When you are a Black founder with a felony conviction, it is particularly challenging to raise venture capital. Despite the challenge, he raised $335,000 from angel investors. “I thought that I would die in prison, but my mother’s letters and photos kept me alive,” said Marcus Bullock, CEO at Flikshop. “In prison, getting mail is like hitting the lottery!” Without diversity, the life experiences we bring to entrepreneurship is limited. His service helps families stay connected during incarceration by sending photos and messages via postcards. Few see the potential of the market. Yet, “sales are spiking,” he said. With prison visiting rooms closed, Flikshop offers families a meaningful way to connect. The Florida Rights Restoration Coalition is also using Flikshop to let people in Florida jails know their voting eligibility pre-trial. With social distancing recommendations, the company is also expanding into new markets, including nursing homes, hospitals, and families that have loved ones who are overseas.
For Christian Zimmerman, CEO at Qoins, the pandemic is just another reason for investors to choose not to invest in minority-led companies. He is concerned about valuations being lower, which favors the investor and not the founder. His company helps consumers pay off debt faster and has raised $750,000.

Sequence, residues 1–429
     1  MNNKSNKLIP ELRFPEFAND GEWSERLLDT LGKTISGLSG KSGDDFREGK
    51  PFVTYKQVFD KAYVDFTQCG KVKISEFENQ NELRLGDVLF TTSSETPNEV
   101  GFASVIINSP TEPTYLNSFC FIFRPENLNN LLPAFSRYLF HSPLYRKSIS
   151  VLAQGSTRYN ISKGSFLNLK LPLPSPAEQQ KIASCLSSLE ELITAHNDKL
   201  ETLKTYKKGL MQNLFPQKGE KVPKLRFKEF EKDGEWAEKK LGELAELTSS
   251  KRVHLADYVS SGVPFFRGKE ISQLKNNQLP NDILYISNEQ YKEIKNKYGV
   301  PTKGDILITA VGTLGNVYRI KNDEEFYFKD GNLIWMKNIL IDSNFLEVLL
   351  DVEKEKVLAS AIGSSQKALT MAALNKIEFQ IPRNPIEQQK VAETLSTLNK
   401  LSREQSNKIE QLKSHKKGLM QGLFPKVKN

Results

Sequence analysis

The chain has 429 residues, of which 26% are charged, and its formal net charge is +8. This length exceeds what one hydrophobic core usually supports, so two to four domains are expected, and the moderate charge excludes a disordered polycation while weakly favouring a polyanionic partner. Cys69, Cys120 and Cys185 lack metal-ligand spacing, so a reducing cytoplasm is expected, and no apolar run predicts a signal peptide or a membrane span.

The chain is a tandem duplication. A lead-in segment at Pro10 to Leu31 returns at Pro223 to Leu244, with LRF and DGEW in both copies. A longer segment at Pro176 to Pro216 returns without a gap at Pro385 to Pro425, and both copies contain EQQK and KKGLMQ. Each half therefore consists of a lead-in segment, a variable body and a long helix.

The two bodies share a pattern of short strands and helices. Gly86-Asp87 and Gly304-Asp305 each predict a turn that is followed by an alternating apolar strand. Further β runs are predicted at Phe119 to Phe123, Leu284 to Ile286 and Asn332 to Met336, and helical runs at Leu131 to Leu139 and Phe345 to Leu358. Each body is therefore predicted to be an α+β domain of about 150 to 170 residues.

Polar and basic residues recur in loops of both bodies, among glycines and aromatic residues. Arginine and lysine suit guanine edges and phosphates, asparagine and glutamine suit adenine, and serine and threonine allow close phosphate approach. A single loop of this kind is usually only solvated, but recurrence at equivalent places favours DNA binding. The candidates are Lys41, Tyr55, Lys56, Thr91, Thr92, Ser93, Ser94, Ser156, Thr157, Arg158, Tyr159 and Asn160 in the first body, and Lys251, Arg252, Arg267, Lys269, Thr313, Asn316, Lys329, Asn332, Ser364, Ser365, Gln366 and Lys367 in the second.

Possip routinely gets the insights, feedback, and information that schools need from families and staff. Especially during social distancing school closures, administrators and teachers need ways to engage families. Possip does that. The company is seeing growth and momentum build. Yet, market uncertainty makes investors more risk averse and more likely to rely on the familiar, commented Shani Dowell, the company’s founder and CEO. She has raised $1.1 million. Rather than promise unrealistic growth, such as being a billion-dollar company in three years, she is taking the opportunity to be more transparent, clear-eyed, and grounded about her projections. Dowell is focused on meeting the needs of the world right now and delivering social impact and return on investment that are appropriate for her customers, the community, and her investors.